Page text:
Roy L. Pearson learned Monday that his pants are not worth $54 million.
In fact, the lawsuit he filed when a pair of trousers went AWOL at a local dry cleaner set him back $1,000 in court costs — and potentially a much larger sum in attorneys’ fees for the folks he sued.
More broadly, Pearson’s pant suit came to epitomize, for many, serious flaws in the legal system.
The saga began two years ago when Pearson was appointed an administrative law judge for the District of Columbia, which means he conducts hearings on claims concerning government programs. Required to wear a suit to work every day, Pearson found five old ones in his closet — dating back to when he was trimmer — and took them for alterations to a neighborhood dry cleaner.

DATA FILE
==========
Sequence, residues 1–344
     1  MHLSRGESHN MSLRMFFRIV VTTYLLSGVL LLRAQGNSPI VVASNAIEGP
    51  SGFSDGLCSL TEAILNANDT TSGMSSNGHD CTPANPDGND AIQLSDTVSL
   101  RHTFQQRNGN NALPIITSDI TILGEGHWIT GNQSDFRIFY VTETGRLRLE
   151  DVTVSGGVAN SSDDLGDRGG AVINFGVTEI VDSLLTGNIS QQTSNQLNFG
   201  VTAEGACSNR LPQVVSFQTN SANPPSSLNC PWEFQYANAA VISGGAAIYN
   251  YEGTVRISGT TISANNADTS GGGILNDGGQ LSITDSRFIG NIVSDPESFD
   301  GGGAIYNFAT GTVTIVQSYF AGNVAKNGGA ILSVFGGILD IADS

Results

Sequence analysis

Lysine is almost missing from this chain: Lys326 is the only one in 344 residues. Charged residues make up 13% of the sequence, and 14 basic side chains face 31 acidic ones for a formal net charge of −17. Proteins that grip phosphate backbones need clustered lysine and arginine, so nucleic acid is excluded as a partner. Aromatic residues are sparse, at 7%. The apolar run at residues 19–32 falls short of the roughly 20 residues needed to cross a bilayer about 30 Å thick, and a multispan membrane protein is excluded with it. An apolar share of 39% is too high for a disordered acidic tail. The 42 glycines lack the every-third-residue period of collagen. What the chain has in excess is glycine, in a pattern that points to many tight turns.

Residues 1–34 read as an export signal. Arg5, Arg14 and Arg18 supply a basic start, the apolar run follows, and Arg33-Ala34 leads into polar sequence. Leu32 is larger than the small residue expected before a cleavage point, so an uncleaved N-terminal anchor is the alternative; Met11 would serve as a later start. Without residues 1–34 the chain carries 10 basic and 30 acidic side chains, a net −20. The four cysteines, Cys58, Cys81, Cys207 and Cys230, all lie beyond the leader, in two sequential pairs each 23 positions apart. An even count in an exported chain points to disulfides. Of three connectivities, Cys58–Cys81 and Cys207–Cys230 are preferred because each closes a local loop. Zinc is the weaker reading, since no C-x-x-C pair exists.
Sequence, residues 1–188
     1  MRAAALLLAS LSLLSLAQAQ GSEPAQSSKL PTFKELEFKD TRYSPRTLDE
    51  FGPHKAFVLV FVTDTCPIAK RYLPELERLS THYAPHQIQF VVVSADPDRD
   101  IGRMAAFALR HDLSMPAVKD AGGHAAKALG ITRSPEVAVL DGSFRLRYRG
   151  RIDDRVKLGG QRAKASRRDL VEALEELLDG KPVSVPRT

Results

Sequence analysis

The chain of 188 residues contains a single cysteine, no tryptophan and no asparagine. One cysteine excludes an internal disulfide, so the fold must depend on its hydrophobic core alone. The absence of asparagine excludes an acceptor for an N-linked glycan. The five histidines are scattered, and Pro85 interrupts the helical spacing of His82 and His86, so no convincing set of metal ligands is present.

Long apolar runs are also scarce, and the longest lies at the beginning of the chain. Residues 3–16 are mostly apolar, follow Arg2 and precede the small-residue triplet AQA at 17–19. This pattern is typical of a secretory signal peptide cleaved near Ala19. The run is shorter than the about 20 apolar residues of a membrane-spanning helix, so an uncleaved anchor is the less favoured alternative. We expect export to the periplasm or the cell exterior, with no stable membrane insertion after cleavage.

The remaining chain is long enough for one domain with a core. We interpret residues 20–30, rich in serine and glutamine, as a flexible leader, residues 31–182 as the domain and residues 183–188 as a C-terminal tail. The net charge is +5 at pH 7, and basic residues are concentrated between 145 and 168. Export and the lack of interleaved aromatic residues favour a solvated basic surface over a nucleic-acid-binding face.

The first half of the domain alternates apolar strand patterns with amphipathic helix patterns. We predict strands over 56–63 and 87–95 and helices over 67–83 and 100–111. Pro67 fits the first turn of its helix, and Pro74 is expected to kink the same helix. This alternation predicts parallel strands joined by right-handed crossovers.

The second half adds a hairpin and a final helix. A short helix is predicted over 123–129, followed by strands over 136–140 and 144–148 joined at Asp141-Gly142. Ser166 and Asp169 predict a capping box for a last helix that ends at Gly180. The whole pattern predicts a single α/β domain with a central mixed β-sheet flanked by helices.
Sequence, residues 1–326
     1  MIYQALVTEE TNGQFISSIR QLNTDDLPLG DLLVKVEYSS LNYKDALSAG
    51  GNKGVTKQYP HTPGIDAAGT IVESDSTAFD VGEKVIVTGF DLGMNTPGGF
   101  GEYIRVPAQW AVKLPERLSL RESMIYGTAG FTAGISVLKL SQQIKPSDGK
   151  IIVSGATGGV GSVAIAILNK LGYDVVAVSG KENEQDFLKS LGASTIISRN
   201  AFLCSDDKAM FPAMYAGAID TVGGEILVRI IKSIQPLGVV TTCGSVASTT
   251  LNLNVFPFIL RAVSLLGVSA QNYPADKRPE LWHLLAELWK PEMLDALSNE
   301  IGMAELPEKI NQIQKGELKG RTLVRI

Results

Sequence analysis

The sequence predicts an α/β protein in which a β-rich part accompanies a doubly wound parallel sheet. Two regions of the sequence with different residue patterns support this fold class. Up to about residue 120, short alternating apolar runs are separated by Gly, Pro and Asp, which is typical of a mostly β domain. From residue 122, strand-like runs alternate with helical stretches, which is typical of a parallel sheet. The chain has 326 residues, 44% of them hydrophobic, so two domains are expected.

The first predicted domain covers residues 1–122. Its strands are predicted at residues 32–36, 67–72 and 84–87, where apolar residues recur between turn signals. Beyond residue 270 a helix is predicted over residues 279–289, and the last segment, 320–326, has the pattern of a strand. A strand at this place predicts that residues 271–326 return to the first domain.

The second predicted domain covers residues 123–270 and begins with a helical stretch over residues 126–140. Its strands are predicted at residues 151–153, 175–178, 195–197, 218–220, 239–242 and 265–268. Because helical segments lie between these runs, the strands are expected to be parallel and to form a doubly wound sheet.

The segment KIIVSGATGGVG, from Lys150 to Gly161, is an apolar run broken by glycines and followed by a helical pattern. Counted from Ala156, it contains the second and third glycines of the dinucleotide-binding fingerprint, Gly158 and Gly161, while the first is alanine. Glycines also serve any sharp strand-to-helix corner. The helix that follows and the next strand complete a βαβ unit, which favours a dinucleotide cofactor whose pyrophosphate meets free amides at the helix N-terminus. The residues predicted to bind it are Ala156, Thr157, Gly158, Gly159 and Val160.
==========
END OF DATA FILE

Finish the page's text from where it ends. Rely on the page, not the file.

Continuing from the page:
When he went to retrieve the suits, one of them was missing its trousers. He asked for a $1,000 refund, the full price of the suit, he said, but was rebuffed.
So Pearson, a graduate of Northwestern University’s law school, did what lawyers do. He sued.
The suit over his suit was not just any suit. Arguing that the dry cleaner had failed to live up to the “satisfaction guaranteed” sign in its window, Pearson demanded $67 million.
He later reduced the amount to $54 million.
The breakdown: $500,000 in attorney fees (he represented himself), $2 million for “discomfort, inconvenience and mental distress,” $15,000 to rent a car every weekend to drive to another dry cleaner, and $51.5 million to set up a fund to help other dissatisfied local consumers sue businesses.